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Help and advice for Colyton - from Some Old Devon Churches (J. Stabb)

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Colyton

from

Some Old Devon Churches

By J. Stabb

London: Simpkin et al (1908-16)

Page 67

Transcribed and edited by Dr Roger Peters

Full text available at

https://www.wissensdrang.com/dstabb.htm

Prepared by Michael Steer

Between 1908 and 1916, John Stabb, an ecclesiologist and photographer who lived in Torquay, published three volumes of Some Old Devon Churches and one of Devon Church Antiquities. A projected second volume of the latter, regarded by Stabb himself as a complement to the former, did not materialize because of his untimely death on August 2nd 1917, aged 52. Collectively, Stabb's four volumes present descriptions of 261 Devon churches and their antiquities.

COLYTON. St. Andrew. The church consists of chancel, nave, north and south aisles, and central octagonal tower. The east end of each aisle is screened off, forming a chapel. There is a priest's door in the chancel, and piscinas in the chancel, and north and south chapels. The south porch at one time had a parvise, but when there was a gallery in the south aisle an exterior staircase was made to give access to the parvise, and from thence to the gallery. This gallery has now been removed, and the parvise is used as a small gallery looking into the south aisle. The tower is reached through an exterior doorway to the south by means of a staircase and wooden gallery crossing the interior of the south aisle, and not adding to its beauty. The west window is fine, reaching almost to the ground, the doorway forming part of the window; the doorway is old, but the tracery of the window has been replaced with new, the part taken out being preserved in the east end of the churchyard.

The reredos, pulpit, and font are modern.

There are two stone screens in the church, those enclosing the chapels at the ends of the aisles. That enclosing the south, or Pole Chapel, is the best of the two, and is a very fine specimen of carved stone work; it consists of five bays, the upper parts filled with tracery. It was erected by Thomas Brerewood, vicar from 1524 to 1544. On the doorway are shields, one bearing a rebus of Brerewood - a briar tree [Erica arborea] - and the initials "T.B."; the other has a girdle and the initials "F.R". [plate 67a]. The screen on the north side [plate 67b] encloses the Yonge Chapel; it is a stone screen of Jacobean character and of good design. On the east wall of the Pole Chapel is the monument of Mary, wife of Sir William Pole of Shute, Knt., eldest daughter of Sir W. Periam of Fulford, Knt. She had four sons and five daughters (sculptured on the monument), and died May 2nd 1605, aged 38 years and 1 month. She was married to her husband 22 years and 10 months. In the same chapel is the elaborate monument of Sir John and Lady Elizabeth Pole. He was the first Baronet, and died on April 16th, and was buried at Colyton on July 13th 1658.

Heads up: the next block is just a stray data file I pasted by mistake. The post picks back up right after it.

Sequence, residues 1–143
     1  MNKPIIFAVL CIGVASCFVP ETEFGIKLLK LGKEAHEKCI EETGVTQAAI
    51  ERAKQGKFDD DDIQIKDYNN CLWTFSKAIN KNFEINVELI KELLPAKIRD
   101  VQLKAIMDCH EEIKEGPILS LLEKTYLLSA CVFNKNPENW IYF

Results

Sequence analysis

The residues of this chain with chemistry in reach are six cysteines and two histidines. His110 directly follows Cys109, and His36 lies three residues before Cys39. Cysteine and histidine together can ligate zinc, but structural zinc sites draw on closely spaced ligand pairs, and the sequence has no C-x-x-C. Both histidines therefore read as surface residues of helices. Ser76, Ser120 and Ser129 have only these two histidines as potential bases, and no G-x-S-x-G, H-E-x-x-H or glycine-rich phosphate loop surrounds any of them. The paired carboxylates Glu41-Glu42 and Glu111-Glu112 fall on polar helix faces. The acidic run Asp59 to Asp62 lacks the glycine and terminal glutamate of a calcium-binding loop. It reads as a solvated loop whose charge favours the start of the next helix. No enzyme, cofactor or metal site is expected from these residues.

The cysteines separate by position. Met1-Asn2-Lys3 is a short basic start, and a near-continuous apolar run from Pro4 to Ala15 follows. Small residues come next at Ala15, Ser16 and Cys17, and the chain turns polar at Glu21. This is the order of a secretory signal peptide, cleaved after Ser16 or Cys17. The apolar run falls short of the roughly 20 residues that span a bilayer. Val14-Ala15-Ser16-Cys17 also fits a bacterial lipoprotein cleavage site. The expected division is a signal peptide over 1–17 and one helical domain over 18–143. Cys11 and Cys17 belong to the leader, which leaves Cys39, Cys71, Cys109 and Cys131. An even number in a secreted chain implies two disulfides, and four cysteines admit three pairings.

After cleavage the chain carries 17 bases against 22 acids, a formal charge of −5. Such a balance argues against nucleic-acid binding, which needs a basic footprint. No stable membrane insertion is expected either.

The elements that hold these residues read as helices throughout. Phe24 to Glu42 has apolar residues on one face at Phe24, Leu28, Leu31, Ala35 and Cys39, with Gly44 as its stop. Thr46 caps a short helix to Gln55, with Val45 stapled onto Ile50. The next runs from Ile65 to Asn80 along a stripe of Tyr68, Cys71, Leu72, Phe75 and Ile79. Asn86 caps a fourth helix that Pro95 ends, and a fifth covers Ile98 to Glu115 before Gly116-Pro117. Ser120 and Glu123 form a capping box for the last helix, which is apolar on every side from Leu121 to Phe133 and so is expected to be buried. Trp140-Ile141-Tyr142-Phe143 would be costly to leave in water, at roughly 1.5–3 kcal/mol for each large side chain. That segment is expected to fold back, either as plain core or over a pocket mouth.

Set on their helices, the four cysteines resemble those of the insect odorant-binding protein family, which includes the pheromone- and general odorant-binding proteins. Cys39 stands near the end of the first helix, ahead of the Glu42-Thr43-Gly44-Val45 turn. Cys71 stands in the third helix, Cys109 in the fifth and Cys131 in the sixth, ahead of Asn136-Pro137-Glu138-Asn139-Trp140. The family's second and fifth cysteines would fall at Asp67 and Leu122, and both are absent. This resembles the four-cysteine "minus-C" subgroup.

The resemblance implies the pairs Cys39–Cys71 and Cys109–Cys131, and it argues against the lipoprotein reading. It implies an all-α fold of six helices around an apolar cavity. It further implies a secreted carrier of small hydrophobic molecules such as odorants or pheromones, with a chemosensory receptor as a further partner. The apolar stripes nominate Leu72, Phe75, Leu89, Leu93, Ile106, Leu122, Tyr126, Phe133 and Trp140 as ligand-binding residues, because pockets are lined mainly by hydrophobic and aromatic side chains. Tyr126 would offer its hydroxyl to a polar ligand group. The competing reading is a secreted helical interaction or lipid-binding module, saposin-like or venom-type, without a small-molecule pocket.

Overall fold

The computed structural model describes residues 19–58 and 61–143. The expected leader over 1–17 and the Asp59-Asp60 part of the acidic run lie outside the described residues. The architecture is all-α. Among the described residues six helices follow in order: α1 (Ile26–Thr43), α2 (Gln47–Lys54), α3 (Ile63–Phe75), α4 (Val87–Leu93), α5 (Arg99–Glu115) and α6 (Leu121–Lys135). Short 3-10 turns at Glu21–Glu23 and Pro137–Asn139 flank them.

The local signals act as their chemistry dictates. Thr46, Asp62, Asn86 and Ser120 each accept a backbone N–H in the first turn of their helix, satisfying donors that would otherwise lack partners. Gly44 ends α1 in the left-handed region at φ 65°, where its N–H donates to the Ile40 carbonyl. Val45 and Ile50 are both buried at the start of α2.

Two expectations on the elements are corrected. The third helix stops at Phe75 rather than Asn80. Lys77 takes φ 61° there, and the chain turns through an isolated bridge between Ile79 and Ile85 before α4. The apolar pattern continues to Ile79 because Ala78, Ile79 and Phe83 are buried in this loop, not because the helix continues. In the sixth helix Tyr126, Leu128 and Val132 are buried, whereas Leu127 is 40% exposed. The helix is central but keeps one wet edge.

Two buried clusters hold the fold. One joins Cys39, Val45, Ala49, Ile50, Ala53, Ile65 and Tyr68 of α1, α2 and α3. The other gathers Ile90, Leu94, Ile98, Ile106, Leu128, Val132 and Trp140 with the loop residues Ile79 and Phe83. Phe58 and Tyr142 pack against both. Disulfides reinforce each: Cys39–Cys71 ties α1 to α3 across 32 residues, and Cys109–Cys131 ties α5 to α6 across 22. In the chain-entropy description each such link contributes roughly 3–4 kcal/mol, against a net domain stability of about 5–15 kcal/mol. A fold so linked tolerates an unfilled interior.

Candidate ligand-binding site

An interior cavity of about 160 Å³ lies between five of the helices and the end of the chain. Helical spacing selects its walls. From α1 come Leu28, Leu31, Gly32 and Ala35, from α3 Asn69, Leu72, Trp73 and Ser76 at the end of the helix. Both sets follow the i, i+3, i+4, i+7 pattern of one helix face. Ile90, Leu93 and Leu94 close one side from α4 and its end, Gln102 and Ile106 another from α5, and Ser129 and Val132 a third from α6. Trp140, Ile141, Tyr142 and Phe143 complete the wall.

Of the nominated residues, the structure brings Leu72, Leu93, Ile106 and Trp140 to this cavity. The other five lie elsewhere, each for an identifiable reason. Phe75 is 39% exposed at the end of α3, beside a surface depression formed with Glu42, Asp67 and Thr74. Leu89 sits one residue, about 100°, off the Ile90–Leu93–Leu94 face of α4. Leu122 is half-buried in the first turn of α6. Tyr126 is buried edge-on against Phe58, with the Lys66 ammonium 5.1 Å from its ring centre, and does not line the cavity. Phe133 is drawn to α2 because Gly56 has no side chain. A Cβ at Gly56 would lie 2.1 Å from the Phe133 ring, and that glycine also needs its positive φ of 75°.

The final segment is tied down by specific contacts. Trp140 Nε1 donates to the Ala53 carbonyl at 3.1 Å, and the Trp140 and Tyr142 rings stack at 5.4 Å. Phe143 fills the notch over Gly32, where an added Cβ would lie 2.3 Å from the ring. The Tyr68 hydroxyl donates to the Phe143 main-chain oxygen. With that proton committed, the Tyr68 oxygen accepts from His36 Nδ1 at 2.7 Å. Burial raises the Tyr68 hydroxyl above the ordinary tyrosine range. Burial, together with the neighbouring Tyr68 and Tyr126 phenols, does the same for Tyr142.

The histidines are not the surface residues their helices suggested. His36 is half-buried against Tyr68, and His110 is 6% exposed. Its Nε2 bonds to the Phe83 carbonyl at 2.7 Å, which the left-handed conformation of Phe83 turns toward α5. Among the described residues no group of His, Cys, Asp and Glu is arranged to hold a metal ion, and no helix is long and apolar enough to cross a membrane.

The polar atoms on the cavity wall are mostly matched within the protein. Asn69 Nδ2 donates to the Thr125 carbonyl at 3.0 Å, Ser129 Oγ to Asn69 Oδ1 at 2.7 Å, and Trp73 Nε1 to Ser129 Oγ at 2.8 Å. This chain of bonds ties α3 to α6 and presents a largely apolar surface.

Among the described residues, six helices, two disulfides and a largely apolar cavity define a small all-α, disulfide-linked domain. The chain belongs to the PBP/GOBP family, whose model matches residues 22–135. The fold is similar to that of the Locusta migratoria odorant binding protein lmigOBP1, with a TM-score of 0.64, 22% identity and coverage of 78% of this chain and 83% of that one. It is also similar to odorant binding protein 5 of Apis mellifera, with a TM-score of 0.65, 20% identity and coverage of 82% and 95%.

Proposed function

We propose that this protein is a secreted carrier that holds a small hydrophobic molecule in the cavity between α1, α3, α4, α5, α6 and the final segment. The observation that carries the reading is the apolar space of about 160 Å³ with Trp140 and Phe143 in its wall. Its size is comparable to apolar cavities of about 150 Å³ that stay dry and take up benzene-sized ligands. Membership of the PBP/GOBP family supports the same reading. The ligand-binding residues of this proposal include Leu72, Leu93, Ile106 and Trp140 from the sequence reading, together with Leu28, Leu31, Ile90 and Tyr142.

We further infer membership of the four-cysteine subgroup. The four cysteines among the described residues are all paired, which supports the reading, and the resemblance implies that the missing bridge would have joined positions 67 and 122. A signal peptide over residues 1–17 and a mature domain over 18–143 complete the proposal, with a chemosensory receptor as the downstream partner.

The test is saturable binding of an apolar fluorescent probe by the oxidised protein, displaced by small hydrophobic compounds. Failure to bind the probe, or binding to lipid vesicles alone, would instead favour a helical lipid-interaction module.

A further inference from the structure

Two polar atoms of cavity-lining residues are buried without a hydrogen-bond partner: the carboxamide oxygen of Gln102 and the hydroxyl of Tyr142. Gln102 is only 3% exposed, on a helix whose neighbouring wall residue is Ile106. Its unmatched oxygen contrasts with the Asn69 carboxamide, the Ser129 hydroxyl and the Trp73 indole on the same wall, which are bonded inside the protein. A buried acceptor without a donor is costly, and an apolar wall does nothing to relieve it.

The most interesting monument in the church is on the north side of the chancel [plate 67c], removed here from its position in the north transept in 1818. It represents a female figure, beneath an elaborate canopy, with shields bearing the Royal and Courtenay arms. An inscription at the back of the tomb states that it is the monument of Margaret, daughter of William Courtenay, Earl of Devon, and the Princess Katherine [1479-1527], youngest daughter of Edward IV [r. 1461-1470 & 1471-1483], and that she was choked by a fishbone in 1512. This, however, is said to be a mistake, and that the figure represents Margaret Beaufort, Countess of Devonshire, daughter of John Beaufort, Earl of Somerset, eldest son of John of Gaunt [1340-1399], by his wife Margaret, daughter of Thomas Holland, Earl of Kent, half brother of Richard II [r. 1377-1399] and Alice Fitzhalan.

The first vicar recorded is Robert de la Hille, admitted 1237.

The registers date from 1538, and there are some interesting entries. The plague is referred to as commencing in November 1645, and ending in November 1646. There is also a license signed by John Wilkins, vicar, dated 1660, giving permission to Sir John Yonge, to eat flesh on account of his indisposition.